Benefit-Cost Analysis in Disease Control Priorities, Third Edition

Authors: Angela Chang, Sue Horton, Dean Jamison


A variety of economic methods are used for analysis in the health sector. Other chapters in this volume summarize the findings from Disease Control Priorities (third edition) (DCP3) concerning cost-effectiveness analysis (CEA) and extended cost-effectiveness analysis (ECEA) (Horton 2018; Verguet and Jamison 2018). This chapter summarizes the findings concerning benefit-cost analysis (BCA).

BCA has long been used for the analysis of public policy. The U.S. Secretary of the Treasury first used it in 1808, and its use became mandatory for the U.S. Army Corps of Engineers in 1936. The U.S. Bureau of the Budget first issued guidelines for its use in 1952. Mills, Lubell, and Hanson (2008) suggest that BCA became less well used for analysis of malaria eradication around 1980, when CEA methods were becoming well developed. More recently, there has been a resurgence of interest in applying BCA to assess the viability of public investment programs and to set priorities among a list of interventions (Jamison, Summers, and others 2013; Ozawa and others 2016; Jha and others, 2015).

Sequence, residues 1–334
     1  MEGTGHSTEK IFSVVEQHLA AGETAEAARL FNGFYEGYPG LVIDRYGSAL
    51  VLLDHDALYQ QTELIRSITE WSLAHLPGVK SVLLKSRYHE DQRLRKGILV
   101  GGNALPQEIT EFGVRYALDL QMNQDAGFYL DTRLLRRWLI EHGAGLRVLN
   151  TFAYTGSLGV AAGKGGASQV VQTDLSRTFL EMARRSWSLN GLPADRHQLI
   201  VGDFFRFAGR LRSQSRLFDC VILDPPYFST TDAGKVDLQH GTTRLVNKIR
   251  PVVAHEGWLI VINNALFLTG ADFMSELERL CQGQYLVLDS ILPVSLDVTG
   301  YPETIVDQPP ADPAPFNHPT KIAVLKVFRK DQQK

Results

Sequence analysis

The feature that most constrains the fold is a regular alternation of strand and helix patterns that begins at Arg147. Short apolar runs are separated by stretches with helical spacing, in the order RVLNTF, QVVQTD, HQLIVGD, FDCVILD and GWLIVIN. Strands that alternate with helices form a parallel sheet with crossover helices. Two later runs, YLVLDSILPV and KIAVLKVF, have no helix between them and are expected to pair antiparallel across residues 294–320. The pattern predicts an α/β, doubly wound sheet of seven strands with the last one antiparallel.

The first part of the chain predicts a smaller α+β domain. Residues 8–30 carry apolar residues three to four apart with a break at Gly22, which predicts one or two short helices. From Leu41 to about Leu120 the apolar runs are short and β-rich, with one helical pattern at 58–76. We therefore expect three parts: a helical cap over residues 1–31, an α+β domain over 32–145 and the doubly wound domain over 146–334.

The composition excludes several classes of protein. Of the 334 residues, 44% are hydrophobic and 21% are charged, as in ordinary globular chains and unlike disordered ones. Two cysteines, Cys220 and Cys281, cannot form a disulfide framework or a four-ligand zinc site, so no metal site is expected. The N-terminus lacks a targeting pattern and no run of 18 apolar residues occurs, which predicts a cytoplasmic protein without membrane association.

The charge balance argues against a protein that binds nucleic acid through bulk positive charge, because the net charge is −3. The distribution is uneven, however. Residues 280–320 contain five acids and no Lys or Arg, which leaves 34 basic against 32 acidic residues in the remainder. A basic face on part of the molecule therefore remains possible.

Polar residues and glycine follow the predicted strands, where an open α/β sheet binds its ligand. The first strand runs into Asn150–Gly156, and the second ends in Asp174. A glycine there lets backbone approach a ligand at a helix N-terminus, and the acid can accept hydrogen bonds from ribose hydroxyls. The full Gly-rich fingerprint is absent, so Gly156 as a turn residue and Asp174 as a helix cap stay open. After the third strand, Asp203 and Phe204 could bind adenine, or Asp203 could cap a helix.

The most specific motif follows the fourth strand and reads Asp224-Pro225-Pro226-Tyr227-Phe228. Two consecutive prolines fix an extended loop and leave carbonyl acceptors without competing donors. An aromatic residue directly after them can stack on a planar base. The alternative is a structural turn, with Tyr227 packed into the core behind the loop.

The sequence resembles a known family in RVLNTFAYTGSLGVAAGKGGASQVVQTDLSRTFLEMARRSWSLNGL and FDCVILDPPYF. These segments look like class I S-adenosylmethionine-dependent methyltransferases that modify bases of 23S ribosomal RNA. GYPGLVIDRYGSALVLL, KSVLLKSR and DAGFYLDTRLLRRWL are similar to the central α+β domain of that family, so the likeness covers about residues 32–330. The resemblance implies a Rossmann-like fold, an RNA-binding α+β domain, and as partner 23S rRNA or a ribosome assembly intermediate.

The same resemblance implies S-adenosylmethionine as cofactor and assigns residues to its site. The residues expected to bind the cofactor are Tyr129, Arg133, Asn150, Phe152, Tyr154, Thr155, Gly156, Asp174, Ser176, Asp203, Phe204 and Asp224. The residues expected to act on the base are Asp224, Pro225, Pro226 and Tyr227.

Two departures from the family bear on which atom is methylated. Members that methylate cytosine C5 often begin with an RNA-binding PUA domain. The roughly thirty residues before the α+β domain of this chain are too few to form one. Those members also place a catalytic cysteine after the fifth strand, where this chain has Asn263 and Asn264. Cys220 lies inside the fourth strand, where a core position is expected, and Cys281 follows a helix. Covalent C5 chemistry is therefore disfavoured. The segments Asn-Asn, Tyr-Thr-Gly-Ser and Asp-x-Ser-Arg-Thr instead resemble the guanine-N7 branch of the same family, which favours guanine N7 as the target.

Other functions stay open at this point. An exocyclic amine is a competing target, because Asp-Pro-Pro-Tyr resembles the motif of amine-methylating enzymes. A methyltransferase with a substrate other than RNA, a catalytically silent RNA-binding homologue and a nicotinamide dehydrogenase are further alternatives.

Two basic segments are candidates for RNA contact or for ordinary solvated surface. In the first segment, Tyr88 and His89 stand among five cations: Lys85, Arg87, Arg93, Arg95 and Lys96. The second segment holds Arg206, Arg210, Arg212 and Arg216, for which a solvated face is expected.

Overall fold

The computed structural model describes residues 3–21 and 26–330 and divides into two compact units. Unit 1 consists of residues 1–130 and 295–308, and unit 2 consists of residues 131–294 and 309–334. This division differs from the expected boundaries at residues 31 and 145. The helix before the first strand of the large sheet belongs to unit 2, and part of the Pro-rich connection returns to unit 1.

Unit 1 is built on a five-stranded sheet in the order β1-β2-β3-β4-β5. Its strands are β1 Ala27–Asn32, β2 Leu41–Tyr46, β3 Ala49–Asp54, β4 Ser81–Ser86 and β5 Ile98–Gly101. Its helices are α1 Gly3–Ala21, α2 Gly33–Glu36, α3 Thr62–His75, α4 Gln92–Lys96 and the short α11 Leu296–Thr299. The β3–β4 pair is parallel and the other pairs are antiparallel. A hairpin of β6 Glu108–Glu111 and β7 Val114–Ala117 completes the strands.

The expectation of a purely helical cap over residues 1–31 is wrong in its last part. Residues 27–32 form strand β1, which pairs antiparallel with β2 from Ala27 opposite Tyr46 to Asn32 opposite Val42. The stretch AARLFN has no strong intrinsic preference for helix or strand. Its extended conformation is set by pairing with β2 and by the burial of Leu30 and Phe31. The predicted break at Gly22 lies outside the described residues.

Chang, A., S. Horton, and D.T. Jamison. 2017. "Benefit-Cost Analysis in Disease Control Priorities, Third Edition.  DCP3 Working Paper Series.  Working Paper #22.